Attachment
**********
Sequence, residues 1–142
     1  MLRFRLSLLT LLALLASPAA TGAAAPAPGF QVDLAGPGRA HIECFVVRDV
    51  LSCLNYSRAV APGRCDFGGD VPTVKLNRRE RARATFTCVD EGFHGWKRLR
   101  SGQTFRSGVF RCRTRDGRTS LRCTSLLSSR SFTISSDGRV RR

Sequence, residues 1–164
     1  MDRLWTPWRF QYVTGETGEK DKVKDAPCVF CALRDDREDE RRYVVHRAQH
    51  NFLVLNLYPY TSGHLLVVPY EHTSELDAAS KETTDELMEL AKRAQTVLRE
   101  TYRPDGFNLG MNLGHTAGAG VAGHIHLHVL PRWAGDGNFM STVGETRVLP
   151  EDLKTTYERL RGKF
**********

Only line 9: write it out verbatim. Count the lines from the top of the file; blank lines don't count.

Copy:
   151  EDLKTTYERL RGKF